Back to homepage
Help Info



Stone Carving

Around the museum you will find beautifully carved stonework up high and down low. The carvings were created by exceptionally talented stonemasons the O’Shea brothers. If you look around you will see carvings of plants which were modelled directly from real plants from the University’s Botanic Garden. The O’Shea brothers also carved animals, look in the museum porch to find a parrot, an owl and see if you can identify any others.


John Ruskin

Although the building was created to house a science collection, it was designed and created by artists and skilled craftsmen. One man that was very influential in the design of the building was art critic John Ruskin (1819 – 1900). Ruskin helped to start the Pre-Raphaelite movement which was about creating art that was true to nature. He believed that the building should be a vision of nature in its own right and each piece of the museum’s stone carving should be carefully copied from real plants.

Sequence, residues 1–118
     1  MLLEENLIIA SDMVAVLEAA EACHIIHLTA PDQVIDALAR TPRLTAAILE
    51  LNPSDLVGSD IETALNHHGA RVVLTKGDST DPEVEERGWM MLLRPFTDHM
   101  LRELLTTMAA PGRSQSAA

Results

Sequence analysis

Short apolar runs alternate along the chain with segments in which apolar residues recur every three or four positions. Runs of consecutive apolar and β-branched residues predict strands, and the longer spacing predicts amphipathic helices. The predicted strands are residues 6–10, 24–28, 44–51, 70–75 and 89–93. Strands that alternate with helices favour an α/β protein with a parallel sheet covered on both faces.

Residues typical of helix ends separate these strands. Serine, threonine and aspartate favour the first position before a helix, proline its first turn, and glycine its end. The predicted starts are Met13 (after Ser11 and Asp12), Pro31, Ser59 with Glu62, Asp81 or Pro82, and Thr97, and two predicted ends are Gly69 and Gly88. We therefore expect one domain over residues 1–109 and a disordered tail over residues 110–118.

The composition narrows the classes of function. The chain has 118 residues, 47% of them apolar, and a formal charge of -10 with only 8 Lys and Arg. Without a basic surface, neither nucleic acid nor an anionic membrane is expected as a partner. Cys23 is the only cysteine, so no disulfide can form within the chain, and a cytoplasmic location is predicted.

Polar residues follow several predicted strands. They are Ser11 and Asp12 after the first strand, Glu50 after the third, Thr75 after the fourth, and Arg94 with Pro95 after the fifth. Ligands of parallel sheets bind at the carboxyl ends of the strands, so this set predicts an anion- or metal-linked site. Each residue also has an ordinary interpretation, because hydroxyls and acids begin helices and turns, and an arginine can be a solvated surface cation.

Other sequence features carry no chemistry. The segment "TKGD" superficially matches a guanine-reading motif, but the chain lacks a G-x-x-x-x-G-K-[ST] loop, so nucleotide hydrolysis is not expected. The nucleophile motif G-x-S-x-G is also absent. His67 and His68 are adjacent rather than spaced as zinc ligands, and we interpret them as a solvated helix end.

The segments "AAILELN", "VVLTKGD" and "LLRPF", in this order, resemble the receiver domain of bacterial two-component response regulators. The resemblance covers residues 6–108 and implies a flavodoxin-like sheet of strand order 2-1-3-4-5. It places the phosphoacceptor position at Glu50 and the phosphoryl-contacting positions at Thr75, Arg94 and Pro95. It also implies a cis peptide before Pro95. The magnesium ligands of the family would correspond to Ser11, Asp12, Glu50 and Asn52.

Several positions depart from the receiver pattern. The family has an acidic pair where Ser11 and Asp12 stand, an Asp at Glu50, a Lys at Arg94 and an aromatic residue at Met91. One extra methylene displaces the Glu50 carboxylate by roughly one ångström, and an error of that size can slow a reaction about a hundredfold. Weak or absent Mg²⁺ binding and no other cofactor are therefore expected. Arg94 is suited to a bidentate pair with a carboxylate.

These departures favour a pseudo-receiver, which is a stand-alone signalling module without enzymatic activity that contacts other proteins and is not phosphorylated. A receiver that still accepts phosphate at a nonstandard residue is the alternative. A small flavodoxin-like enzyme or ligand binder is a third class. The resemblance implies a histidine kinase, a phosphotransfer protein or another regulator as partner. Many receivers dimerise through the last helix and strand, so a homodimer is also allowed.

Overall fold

The museum was built in 1860 and there was a open competition to design it. Benjamin Woodward was the architect who won the competition and created this beautiful building with the influence of John Ruskin. John Ruskin made drawings of what he hoped the museum would look like in terms of the design. Think about designing your own building and use the museum for inspiration.


This box shows you what you are viewing on the screen

Click the zoom buttons to zoom in and out on the picture

Toggle to turn hot spots on and off

Click on the info button to find out the details about this sketchbook

Click on a hotspot to find out more


This website is optimized for iPads and desktop displays. Anything below iPad size could result in strange behaviour...